Fifty million Americans — one out of every six people, including one in five children — do not know the source of their next meal. And based on the recent actions of our elected officials, it seems "out of sight, out of mind" is their solution to a hunger and poverty problem that only looks to get worse.
While Congressional leaders discuss versions of a Farm Bill, all of which cut the Supplemental Nutrition Assistance Program, formerly known as food stamps, members of Baltimore's City Council are preparing to vote on an ordinance that would criminalize panhandling at some outdoor establishments and other specified locations in the city.
Both federal and local actions threaten to underscore, and at the same time ignore, the staggering poverty in our city and our nation, a poverty we cannot and should not pretend does not exist.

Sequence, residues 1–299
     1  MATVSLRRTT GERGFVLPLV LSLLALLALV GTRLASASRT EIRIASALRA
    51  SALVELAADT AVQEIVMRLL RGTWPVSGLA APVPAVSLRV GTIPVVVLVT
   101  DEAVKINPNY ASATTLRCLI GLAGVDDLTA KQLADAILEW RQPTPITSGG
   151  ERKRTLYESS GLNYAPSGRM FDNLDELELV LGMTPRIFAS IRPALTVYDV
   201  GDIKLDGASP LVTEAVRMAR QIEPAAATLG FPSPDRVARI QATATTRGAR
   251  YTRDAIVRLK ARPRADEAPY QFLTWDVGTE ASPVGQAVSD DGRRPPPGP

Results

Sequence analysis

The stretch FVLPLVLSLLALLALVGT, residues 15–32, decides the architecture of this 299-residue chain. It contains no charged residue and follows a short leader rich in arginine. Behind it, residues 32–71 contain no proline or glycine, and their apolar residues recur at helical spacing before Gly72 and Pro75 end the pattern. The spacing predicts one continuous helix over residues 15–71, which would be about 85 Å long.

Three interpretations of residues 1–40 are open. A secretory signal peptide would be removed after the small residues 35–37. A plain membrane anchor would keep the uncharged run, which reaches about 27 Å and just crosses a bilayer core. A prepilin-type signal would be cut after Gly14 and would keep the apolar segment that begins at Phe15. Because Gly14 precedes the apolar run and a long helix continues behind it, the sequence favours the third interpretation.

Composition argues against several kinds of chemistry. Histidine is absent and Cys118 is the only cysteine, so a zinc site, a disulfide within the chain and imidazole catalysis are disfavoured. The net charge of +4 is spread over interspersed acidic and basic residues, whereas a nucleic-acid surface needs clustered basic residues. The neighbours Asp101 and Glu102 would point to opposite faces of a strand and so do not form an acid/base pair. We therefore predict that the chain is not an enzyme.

In his World Food Day message, Pope Francis said, "It is a scandal that there is still hunger and malnutrition in the world" and called for a "just and lasting solution."
Instead of debating ways to make invisible those of our sisters and brothers who are hungry, our elected leaders should be working on solutions that end hunger. Until then, our churches will continue to fill the void by working with each other and with secular organizations so hungry people can not only be recognized but also fed at places like Our Daily Bread and other programs of Catholic Charities, which served 370,000 hot meals last year — up from 247,000 just five years ago.
William E. Lori, Baltimore
The writer is archbishop of Baltimore.
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